The BSA is committed to fostering an environment that is inclusive, tolerant of diversity of views, perspectives and methodologies, and free from bias, discrimination, and intimidation. Accordingly, the BSA is dedicated to promoting a welcoming atmosphere for everyone, regardless of gender, gender identity or expression/assignment, sex, sexual orientation, marital or civil partnership status, disability, physical appearance, body size, race, age, or pregnancy maternity, or belief, religion, or social or economic status.

We will not tolerate harassment of or discrimination against participants in any form. Harassment includes, but is not limited to:

– Disrespectful or dismissive behaviour or language on the basis of gender, gender identity or expression/assignment, sex, sexual orientation, marital or civil partnership status, disability, physical appearance, body size, race, age, pregnancy or maternity, or belief, religion, or social or economic status;

– Unwelcome sexual attention;

– Inappropriate physical contact;

– Intimidation, stalking or following;

– Harassing photography or recording;

– Sustained disruption of talks or other participation;

– Inappropriate verbal content or images in presentations or in discussion;

– Habitual and repeated misgendering.

The above list is not exhaustive. In general, we will not tolerate inappropriate behaviour that makes participants feel unwelcome at the Conference or at Trustees Meetings. BSA policy requires that participants must follow these rules at all event venues and event-related social activities.

Participants asked to stop any harassing behaviour are expected to comply immediately. If a participant engages in harassing behaviour, the BSA reserves the right to take any actions to keep the event a welcoming environment for all participants. Penalties may range from warning the offender to expulsion from the conference with no refund up to and including expulsion from the Society and any future events.

Reporting Harassment

If you are the target of harassment or other unwelcoming behaviour, or you observe someone else being harassed, please report the incident as soon as possible. Harassment reduces the value of participation for everyone.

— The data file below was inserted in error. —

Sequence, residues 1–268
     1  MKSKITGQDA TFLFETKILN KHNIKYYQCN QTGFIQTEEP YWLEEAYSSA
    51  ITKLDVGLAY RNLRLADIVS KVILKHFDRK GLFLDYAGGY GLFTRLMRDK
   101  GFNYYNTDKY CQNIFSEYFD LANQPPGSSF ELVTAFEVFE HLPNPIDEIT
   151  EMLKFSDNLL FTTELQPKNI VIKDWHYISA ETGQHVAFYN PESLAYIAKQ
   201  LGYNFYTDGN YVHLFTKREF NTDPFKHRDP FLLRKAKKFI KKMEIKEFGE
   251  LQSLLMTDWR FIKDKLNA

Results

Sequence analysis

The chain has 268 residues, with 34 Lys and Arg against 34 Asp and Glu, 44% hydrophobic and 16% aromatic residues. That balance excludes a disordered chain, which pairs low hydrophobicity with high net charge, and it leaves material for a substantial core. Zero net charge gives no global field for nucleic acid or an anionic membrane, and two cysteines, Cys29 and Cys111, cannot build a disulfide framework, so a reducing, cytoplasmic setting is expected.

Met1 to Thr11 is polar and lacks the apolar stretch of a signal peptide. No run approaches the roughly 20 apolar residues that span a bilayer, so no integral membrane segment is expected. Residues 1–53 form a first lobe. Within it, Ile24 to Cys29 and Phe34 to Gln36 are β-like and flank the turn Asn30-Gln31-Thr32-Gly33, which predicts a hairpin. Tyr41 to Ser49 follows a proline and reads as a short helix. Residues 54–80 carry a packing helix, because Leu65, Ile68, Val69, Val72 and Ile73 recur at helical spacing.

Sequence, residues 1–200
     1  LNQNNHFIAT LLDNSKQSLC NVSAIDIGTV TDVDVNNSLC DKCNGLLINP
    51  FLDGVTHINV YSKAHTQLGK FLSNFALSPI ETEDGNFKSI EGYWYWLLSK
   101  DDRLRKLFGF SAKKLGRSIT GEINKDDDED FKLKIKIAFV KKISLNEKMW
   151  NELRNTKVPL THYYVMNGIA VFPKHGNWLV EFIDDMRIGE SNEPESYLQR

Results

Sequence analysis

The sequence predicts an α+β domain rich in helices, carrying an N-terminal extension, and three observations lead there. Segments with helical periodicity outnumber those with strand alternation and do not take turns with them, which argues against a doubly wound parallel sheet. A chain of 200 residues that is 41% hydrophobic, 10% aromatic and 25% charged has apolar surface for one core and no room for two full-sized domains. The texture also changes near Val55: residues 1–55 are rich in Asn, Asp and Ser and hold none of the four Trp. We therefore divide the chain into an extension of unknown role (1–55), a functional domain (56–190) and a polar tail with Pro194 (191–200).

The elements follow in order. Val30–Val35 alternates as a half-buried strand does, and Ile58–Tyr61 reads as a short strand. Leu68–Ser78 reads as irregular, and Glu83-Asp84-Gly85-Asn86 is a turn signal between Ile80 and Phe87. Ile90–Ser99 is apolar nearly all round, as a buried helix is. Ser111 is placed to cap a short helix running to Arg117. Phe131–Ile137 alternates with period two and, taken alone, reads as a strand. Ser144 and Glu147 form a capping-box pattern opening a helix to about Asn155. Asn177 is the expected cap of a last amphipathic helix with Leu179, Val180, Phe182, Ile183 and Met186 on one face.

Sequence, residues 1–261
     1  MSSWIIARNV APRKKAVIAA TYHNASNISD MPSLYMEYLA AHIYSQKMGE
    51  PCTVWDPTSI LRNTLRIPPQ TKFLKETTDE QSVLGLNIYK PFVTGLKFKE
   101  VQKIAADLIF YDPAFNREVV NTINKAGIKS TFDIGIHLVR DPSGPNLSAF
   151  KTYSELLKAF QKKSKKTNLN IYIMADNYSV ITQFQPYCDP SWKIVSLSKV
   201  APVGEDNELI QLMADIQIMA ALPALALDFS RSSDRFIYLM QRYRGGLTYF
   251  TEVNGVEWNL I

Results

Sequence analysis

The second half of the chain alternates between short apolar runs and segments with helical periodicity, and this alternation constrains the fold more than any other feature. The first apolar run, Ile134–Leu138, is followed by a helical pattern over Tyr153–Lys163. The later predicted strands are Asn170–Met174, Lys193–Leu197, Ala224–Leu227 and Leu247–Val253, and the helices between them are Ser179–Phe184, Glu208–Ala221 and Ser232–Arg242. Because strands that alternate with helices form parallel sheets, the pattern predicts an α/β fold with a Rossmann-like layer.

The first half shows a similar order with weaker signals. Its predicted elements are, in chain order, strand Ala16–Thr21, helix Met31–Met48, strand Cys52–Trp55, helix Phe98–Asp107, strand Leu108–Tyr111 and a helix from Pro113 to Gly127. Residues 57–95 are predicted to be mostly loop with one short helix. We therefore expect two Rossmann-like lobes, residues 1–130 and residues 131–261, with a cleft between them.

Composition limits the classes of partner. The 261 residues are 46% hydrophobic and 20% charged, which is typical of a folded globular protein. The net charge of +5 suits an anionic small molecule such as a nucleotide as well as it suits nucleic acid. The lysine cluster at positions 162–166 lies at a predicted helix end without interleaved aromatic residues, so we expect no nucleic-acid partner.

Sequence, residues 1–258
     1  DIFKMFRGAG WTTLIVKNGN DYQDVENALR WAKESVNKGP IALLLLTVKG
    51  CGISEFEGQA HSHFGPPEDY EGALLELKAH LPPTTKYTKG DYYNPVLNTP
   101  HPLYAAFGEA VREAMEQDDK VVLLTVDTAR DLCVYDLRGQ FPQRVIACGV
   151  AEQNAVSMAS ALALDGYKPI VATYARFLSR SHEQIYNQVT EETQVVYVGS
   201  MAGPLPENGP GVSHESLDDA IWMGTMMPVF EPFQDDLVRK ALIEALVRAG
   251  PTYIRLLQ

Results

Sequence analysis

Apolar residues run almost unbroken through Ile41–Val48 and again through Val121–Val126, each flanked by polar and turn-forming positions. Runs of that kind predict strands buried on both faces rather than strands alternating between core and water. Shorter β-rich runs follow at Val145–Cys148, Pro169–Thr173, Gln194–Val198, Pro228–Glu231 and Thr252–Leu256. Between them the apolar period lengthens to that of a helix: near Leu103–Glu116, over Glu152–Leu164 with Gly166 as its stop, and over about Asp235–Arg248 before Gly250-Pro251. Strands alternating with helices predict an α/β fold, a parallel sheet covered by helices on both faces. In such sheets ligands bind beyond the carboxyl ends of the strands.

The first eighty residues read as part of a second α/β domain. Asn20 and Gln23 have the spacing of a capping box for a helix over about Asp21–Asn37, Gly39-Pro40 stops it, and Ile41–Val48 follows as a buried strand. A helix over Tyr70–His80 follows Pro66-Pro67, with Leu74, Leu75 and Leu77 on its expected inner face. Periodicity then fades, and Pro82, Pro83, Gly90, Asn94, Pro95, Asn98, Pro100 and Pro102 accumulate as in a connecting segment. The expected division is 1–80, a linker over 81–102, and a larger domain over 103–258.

At the BSA Annual Conference you can make a report in person to one of two Conference Equalities Representatives (who will be identified on the conference page of our website) or anonymously online using the BSA Complaints Form.

In response to a report of harassment, the BSA President will normally appoint an ad hoc committee of members of the Society to investigate and recommend an appropriate course of action.

1. Reporting to a Conference Equalities Representative

 You can make confidential reports of harassment to one of two Conference Equalities Representatives (CER), who have been selected for the role by the BSA President. When taking a personal report, the CER will ensure you are safe and cannot be overheard. The CER may involve other event staff to ensure your report is managed properly. You may bring someone to support you in making a report. You will not be asked to confront anyone and the CER will not tell anyone who you are without your consent.

The CER will ask you what information can be shared with the BSA President and/or other BSA Officers.

2. Submitting an Anonymous Online Report

You can make an anonymous report online using the BSA Complaints Form.

Submissions will not indicate who you are unless you choose to include this information in the report. However, it will be helpful to have as much information as possible about the nature of the incident, so that we can make appropriate queries and take appropriate action.

Because we cannot guarantee that online reports will be checked immediately, if any immediate action is required at the conference, we recommend that you report the incident to a CER or inform a CER that an online report has been submitted.

This policy has been modelled on the Policy on Harassment and Unwelcoming Behaviour of the British Society for Ethical Theory, with their permission.